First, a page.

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FCW : May 15, 2016
May 15, 2016 FCW.COM 19 What agencies are asking about FedRAMP FCW talked with FedRAMP evangelist Ashley Mahan about her role in helping agencies adopt cloud technology BY MARK ROCKWELL As the official Federal Risk and Autho- rization Management Program evan- gelist at the General Services Admin- istration, Ashley Mahan addresses federal agencies’ cloud computing and security concerns. She does not simply laud the bene- fits of cloud computing and FedRAMP security, however. Mahan has the technical knowledge to back up her pitch to agencies and the collaborative skills to help them find the right cloud service provider. Although she started as FedRAMP evangelist in October, she’s been helping get cloud service providers through FedRAMP’s Joint Authori- zation Board approvals since 2014, when she was an information security officer. Before that, she served as a cybersecurity adviser for the federal government for 10 years. She also developed and implemented robust cybersecurity awareness training programs to educate federal work- ers about evolving cyberthreats and helped support agencies as they went through cybersecurity inspections. According to Mahan, there are still misconceptions about how FedRAMP operates, but that’s why she’s working hard to explain the technology and the process. Her job involves creating a unified vision of cloud and security for all agencies. And that mission of creating a uni- fied vision is infectious, she said. As one agency develops a cloud mis- of iterative review — each with wait times for the JAB agencies’ attention. Previously, Goodrich said, a full assessment was not required because “it was pretty risky for providers” to make that investment without any certainty they could secure FedRAMP approval. But “the front-end assess- ment eliminates almost all of that risk,” he added, and “we believe it is now reasonable to ask for all this upfront so that we can make the pro- cess predictable and certain.” The window for public comment on the plan closed April 29, and the new process is now being tested with three CSPs: Unisys, Microsoft and GSA’s own 18F, which is seek- ing FedRAMP approval for Cloud.gov. Those trials will continue into June, and barring major problems, the new method would then be available for other providers seeking a JAB-issued provisional authority to operate. Agencies, of course, are able to sponsor their own FedRAMP autho- rizations as well. The new approach is only for JAB reviews, Goodrich said. Agencies are not required to use the new approach, but he said officials hope they will see the benefits and follow suit. The third path to FedRAMP approval, however — the so-called CSP Supplied process, where a pro- vider tests and documents without a government sponsor — has been abandoned. CSPs could submit completed packages until April 29 but now must either find an agen- cy sponsor or shift to the new JAB approach. Does faster equal fixed? Speed has not been the only friction point for FedRAMP. Vendors have complained, for example, that other common security and privacy stan- dards are not mapped to or recog- nized by the FedRAMP framework, forcing CSPs to duplicate costly cer- tification efforts. Many agencies have been reluctant to shoulder the autho- rization burden themselves, adding to the JAB logjam. Furthermore, DOD continues to explore changes to its own cloud security approach that builds on, but doesn’t always map to, FedRAMP controls. Nevertheless, Rep. Gerry Connolly (D-Va.), whose district is home to fed- eral contractors large and small, has expressed cautious optimism about the FedRAMP changes. “I think they’d be a good improvement,” he told FCW. He described the old FedRAMP process as a “bureaucratic nightmare” — but one that’s not necessarily the FedRAMP team’s fault. Agencies, worried about Federal Information Security Management Act compliance, “mucked up the works” by demanding their own reviews, Connolly said. There needs to be more “reciprocity through- out the federal family” on cloud, he argued — something he said demands trust among agencies more than it does any program changes. Rep. Will Hurd (R-Texas) had a similar take. Agencies’ hesitation to embrace cloud frustrated him more than any FedRAMP inefficiencies. “If they have frictions, then we should be able to tweak and improve,” Hurd told FCW. But “the idea that an agen- cy is better prepared to defend their digital infrastructure than someone who does this for thousands of clients is still mind-boggling to me.” Connolly said that, for now, he’s happy to let the FedRAMP PMO take the lead on reforms. “I think this could be solved admin- istratively,” he said, but if feds can’t get the system working, he’s not afraid to step in. “This current process is unaccept- able,” Connolly said. “Congress won’t accept it.” n Mark Rockwell and Zach Noble contributed to this report. ZAIDHAMID 0515fcw_016-020.indd 19 4/20/16 12:43 PM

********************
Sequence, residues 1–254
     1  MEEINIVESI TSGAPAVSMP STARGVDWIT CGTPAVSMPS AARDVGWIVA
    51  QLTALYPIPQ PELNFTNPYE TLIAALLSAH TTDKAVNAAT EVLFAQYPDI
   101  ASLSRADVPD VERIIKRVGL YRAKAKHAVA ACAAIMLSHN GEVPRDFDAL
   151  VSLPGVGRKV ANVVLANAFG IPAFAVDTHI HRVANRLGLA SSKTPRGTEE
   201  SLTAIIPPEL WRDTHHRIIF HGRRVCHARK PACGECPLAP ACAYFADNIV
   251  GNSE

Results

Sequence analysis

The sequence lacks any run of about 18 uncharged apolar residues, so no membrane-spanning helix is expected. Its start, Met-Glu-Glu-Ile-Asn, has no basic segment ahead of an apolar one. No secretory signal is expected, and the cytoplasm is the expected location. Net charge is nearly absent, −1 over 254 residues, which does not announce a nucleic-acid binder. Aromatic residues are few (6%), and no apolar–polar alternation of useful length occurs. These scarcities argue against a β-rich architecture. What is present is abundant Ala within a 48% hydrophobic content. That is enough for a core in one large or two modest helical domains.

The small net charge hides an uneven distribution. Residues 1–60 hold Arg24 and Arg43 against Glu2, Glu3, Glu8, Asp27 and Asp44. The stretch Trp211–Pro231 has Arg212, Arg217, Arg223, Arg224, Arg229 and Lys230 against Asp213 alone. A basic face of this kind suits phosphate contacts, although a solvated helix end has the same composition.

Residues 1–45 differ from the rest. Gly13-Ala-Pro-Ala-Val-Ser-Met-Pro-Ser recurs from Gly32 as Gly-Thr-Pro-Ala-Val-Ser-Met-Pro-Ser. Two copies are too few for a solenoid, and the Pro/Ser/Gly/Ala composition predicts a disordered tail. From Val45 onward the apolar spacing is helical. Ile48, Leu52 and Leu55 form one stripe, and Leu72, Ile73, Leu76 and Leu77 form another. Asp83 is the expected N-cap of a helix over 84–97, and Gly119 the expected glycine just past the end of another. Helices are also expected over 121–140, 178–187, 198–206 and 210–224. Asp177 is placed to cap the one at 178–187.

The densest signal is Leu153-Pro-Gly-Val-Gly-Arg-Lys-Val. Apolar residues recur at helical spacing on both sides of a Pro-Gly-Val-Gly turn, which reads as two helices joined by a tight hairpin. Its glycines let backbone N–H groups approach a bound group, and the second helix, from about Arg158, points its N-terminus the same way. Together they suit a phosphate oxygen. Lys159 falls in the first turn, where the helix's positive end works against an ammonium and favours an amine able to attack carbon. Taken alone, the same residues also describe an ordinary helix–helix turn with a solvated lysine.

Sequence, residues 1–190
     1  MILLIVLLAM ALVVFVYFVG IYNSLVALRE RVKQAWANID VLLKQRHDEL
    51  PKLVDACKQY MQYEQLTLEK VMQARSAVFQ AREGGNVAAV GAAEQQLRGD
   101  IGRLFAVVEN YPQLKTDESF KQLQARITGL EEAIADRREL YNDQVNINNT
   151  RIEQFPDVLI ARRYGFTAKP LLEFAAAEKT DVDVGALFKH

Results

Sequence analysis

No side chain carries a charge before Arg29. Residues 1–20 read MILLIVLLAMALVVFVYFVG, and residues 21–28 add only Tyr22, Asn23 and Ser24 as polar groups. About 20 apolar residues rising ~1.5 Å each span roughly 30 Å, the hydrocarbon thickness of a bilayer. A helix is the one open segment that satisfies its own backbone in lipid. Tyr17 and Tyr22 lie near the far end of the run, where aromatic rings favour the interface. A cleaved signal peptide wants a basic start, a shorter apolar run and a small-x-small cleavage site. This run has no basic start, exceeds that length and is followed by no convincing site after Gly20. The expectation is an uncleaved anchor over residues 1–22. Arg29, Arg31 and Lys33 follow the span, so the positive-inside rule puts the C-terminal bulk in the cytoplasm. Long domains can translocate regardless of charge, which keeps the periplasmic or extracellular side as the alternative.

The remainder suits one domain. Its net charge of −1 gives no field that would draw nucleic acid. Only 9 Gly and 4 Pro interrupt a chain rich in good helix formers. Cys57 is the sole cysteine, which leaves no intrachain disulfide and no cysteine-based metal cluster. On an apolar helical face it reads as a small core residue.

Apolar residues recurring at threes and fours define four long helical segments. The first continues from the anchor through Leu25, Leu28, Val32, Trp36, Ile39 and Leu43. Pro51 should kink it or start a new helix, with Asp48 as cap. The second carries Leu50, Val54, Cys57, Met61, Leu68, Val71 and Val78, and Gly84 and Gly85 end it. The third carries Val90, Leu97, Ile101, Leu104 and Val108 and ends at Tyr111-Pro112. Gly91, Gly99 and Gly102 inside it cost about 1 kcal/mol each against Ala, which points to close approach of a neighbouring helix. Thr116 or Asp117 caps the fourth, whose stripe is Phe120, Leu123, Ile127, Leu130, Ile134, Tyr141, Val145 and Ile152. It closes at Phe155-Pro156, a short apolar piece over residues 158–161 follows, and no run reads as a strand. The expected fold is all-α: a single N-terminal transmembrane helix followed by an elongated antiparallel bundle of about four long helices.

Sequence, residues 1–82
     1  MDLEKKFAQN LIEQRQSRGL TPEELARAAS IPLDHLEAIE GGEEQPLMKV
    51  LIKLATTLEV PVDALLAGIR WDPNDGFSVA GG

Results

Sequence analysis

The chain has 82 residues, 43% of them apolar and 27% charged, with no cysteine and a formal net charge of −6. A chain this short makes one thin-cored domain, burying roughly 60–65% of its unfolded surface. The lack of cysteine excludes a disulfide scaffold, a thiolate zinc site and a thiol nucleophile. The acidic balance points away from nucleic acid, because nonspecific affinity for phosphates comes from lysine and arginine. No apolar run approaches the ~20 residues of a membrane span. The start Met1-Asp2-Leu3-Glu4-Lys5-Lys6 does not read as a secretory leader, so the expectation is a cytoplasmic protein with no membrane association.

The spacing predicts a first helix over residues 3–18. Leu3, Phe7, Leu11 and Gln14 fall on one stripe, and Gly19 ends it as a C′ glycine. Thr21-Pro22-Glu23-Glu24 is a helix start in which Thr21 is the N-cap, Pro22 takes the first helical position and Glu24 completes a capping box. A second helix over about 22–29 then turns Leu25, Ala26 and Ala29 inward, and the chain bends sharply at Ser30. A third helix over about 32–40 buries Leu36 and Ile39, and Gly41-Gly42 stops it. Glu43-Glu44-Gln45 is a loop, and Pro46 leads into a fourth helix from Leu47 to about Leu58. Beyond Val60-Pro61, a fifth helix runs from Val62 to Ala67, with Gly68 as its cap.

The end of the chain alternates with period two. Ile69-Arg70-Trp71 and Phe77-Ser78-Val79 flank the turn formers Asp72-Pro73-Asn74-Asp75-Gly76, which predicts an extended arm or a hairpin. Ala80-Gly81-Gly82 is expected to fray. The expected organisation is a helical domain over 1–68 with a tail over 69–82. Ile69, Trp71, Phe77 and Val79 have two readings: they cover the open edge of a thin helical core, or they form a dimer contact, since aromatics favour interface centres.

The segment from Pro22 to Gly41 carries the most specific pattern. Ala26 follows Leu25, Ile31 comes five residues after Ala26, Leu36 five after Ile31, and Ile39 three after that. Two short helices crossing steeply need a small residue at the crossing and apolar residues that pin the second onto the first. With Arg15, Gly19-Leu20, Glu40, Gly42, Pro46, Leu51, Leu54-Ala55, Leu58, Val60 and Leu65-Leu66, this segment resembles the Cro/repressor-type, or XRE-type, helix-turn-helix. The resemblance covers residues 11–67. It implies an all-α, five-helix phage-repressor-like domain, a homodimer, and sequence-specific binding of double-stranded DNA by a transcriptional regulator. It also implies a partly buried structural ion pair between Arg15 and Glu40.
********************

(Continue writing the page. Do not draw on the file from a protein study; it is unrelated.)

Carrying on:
April 30, 2016
May 30, 2016